London

Therese Oulton

Marlborough | London

“But what could replace the object?” Nonfigurative painters continue to be plagued by Kandinsky’s anxiety about the object, as well as his worry about decorative decline. Thérèse Oulton’s recent works offer ample confirmation of the continuity of these primary concerns. Nonfigurative art is now an old tradition, and Oulton’s pictures reflect this simultaneous accumulation of years and withering of horizons. For a young painter, she seems remarkably care-laden, just as her paintings are laden with incrustations and webs that connote airless colors from the Jacobean stage or the memories locked inside Miss Havisham’s wedding-feast chamber in Dickens’ Great Expectations. Two extreme alternatives offered escape from Kandinsky’s anxieties: abolish tactile individuation along with the object, or abolish space. Early, “heroic” Modernism tended to the former; Oulton has adopted the latter.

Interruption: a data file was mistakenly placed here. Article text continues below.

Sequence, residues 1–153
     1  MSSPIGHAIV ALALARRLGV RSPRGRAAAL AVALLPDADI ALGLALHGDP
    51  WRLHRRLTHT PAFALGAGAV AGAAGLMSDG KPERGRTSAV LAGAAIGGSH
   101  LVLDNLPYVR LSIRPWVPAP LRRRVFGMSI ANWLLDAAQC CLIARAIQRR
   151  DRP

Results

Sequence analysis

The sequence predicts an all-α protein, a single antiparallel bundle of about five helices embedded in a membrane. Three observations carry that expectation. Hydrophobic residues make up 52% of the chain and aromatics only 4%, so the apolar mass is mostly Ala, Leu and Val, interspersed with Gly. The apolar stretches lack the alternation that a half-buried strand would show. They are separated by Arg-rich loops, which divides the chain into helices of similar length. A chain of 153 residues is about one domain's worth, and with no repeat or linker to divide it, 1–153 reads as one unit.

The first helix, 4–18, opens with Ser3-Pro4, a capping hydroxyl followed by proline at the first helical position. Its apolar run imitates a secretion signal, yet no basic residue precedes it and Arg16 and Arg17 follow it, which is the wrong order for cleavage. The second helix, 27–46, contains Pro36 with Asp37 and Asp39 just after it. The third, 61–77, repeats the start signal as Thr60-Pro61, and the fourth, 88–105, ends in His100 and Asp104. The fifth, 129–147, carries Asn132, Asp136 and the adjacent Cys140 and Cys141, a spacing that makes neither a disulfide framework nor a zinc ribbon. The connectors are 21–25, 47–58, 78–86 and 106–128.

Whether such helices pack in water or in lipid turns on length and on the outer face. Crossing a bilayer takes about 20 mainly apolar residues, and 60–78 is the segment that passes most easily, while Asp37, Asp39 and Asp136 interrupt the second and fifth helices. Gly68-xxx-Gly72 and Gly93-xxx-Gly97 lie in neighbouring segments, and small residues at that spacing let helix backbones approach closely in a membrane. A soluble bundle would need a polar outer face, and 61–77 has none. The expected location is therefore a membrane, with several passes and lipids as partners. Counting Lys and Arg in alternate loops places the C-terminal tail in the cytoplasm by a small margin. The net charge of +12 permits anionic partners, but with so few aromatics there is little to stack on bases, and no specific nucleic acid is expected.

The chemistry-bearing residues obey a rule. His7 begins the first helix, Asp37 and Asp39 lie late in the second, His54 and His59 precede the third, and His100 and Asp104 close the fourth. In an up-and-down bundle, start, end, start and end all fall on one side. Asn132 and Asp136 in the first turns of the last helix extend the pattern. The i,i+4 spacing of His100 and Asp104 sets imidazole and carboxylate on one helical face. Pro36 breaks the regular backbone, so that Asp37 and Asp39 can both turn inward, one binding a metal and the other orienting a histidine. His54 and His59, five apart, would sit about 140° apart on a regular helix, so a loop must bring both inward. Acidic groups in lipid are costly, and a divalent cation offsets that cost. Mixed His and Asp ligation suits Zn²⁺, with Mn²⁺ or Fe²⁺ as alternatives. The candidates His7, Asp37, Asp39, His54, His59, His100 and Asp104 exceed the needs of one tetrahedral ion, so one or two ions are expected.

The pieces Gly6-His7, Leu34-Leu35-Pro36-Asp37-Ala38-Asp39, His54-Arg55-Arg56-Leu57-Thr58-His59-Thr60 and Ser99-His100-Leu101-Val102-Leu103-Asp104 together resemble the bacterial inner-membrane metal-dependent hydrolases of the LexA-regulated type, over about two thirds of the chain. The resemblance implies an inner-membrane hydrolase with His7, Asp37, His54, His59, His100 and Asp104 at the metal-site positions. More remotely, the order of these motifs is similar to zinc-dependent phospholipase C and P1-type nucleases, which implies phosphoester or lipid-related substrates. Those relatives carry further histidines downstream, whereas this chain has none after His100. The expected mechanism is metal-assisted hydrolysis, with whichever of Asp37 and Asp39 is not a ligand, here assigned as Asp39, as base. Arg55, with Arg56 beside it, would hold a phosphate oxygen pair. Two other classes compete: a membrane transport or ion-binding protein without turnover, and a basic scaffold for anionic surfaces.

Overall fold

The

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